This week I will digress a bit to reflect upon recorded music and demystify it all a bit...
Make the best of what you’ve got…
Have you ever searched the web high and low for a live or unreleased version of your favorite songs? Do you put the same commercially unavailable recordings in loop until exhaustion? If you are a music lover – which you probably are, otherwise you wouldn’t be reading this –, you have surely answered “Yes!” to both questions above. I certainly do. Like with this version of a Thom Yorke song which was unavailable on any album until recently:
Don’t you think it’s paradoxical that audio lovers can achieve a state of ecstasy listening to such poor quality recordings? I don’t, because music always comes before sound quality to me. When I have such whims, technical quality doesn’t play a role as long as the performance exudes emotion. What’s my point, you ask? Well, basically that the recording gear you use and how good you are at using it is not that important when you are dealing with Art with a capital “A” – and this comes from someone who makes a living working as an audio engineer!
You are not convinced? You think that my argument is bogus because nobody would ever pay for such a recording when you can get it for free online? Well, music lovers from the second half of the 20th century, like myself, think the complete opposite. Chances are such people have spent lots of time at their favorite indie record stores looking for bootlegs to satisfy their crave for “new” music. But anyway. Maybe the following examples are more convincing…
Did you know that Beck’s famous smash hit Loser was produced on a very low budget? And Roman Candle, the superb first album of the late Elliot Smith, was entirely recorded on a four-track recorder in the basement of his girlfriend back then. If you don’t know this masterpiece, there’s the eponymous song:
Not bad is it?
Many people consider that the best songs on Jeff Buckley’s posthumous second album are his last demos recorded on a 4-track cassette recorder. Here’s a clip I’m particularly fond of:
And even “The Boss” himself released an album back in '82 entirely recorded on a cheap tape recorder, which didn’t stop Nebraska from selling millions of copies worldwide. And you mustU+0020admit that it really rocks, as you can attest here:
It’s not uncommon to hear some people say that if these artists had had the chance to record these songs under better conditions, they would’ve surely done it to get a more transcendental result. Well, I’m not entirely sure. Jeff Buckley would’ve certainly preferred to live longer and go into the studio to record, but what can I say, the urge to swim was stronger even if, as it turned out, he wasn’t the best of swimmers.
The recording conditions could be a matter of dispute in the case of Beck and Smith, but certainly not with Mr. Springsteen. Actually, he did go into the studio with the E Street Band to re-record the entire album in question, but in the end he decided to release the demo versions. Enlightening, isn’t it?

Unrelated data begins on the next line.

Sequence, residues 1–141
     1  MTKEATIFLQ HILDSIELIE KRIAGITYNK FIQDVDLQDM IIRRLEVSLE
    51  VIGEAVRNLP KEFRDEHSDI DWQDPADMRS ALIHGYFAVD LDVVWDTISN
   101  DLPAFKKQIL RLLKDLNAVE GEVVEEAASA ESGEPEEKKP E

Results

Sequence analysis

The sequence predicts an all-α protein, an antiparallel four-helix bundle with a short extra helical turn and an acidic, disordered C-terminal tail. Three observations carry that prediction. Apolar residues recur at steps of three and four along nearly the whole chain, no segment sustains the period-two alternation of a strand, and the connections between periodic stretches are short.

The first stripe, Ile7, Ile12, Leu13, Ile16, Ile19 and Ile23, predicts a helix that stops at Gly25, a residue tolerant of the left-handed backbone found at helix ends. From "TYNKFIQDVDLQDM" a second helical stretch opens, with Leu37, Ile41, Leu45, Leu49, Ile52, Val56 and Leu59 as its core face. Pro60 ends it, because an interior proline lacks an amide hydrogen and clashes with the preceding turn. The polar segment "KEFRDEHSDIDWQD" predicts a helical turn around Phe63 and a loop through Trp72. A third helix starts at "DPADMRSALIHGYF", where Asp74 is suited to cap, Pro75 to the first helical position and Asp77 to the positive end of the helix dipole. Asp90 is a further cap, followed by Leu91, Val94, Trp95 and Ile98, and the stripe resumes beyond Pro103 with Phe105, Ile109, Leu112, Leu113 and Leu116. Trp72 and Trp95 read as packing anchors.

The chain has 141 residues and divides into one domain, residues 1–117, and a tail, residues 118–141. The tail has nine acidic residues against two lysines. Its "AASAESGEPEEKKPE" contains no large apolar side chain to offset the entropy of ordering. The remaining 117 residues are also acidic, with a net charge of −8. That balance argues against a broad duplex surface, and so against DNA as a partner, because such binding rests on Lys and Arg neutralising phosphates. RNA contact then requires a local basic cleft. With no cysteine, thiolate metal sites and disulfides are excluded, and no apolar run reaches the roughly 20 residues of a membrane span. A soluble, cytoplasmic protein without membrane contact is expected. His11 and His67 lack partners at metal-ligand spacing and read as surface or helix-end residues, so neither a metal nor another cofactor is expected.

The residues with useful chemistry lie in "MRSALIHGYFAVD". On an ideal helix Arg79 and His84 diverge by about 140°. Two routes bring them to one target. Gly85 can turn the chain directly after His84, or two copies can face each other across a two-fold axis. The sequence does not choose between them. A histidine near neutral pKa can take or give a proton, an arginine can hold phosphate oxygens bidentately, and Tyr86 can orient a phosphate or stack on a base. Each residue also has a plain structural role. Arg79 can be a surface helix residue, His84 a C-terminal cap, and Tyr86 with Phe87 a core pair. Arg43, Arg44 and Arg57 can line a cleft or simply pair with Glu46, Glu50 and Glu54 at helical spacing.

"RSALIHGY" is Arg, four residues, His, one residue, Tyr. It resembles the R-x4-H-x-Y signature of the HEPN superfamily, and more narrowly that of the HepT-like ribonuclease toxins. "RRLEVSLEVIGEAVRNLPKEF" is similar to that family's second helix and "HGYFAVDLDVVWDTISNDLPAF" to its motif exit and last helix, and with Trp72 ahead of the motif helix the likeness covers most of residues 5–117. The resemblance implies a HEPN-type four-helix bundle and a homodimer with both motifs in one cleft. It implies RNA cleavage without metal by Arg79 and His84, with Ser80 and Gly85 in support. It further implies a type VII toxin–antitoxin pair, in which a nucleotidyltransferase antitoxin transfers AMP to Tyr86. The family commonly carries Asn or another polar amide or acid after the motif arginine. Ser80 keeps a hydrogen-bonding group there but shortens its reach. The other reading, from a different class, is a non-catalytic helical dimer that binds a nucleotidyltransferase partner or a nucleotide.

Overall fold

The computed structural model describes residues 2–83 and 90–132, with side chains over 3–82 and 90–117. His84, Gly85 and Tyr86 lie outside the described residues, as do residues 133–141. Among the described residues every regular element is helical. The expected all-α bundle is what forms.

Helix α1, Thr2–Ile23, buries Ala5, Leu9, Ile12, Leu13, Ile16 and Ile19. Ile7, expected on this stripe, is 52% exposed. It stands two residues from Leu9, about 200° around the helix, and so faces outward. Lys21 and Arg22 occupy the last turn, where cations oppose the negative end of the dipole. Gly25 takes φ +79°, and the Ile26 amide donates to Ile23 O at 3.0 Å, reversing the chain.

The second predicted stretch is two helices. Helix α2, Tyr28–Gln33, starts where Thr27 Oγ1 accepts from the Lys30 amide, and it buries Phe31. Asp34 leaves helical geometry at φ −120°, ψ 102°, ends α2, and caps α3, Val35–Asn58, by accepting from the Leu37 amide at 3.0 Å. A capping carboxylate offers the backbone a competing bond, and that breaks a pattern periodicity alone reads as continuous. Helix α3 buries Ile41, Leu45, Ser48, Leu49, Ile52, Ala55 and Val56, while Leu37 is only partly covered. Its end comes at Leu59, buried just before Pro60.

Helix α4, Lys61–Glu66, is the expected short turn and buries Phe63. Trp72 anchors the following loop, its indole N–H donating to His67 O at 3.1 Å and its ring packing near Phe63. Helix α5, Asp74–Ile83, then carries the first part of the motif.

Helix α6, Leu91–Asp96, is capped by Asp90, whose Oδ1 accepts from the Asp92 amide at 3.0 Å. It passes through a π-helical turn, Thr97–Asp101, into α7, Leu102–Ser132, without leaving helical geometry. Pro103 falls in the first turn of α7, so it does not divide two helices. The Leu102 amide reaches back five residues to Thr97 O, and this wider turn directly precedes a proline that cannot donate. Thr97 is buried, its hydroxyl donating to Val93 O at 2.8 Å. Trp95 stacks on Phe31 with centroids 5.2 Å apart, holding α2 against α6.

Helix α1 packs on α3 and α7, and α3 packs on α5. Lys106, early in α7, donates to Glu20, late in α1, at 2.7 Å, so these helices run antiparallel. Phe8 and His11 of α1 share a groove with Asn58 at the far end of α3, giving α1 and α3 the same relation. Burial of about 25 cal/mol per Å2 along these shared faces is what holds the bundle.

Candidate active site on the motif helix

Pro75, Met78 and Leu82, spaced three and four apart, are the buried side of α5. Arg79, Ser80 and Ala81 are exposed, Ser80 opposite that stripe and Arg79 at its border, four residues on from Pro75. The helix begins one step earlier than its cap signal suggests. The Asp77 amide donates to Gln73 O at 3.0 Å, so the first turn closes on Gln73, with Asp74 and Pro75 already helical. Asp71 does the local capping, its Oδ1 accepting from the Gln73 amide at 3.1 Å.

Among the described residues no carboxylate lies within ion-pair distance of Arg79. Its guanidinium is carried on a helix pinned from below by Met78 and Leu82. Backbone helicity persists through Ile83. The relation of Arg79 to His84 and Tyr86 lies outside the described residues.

One last example that illustrates perfectly my point that the gear you use is only secondary is Ed Harcourt. Mr. Harcourt became famous with the Maplewood EP which he, too, recorded on a 4-track at his granma’s back in 2000. And this is the best-known track:
The least you can say is that he had a good ear and knew how to get an interesting sound despite his lack of means. However, Harcourt thought it would be a good idea to re-record this track for his first album co-produced by Tim Holmes (Death in Vegas). And this is what came out:
I don’t know about you, but to my ears this “remake” is certainly not as good as the original version. It is definitely “cleaner, ” but I find it a bit dull in comparison to the original performance. Granted, this is entirely subjective, but it does make you wonder, doesn’t it?
And why did I think it was a good idea to mention it within this recording series? Because many people out there think that the lack of gear and/or technical expertise are an unsurmountable barrier when it comes to artistic expression. Well, I beg to differ. And that’s why I take any chance I get to debunk this misconception which I think is utterly wrong. To me, music is the gift and the recording is only the packaging. My job as an audio engineer is to make the best possible packaging with the means I have at my disposal, nothing more and nothing less. But the “beauty” of this packaging shouldn’t affect the gifts inside in the slightest. And don’t get me wrong, I’m not saying that you shouldn’t do your best when it comes to the packaging. That’s actually the main goal of this series. I’m only trying to demystify recording so you can go out there and do your thing without having to worry about this “secondary” issue.
And with these words I say goodbye until next time when we will continue our adventures in recording!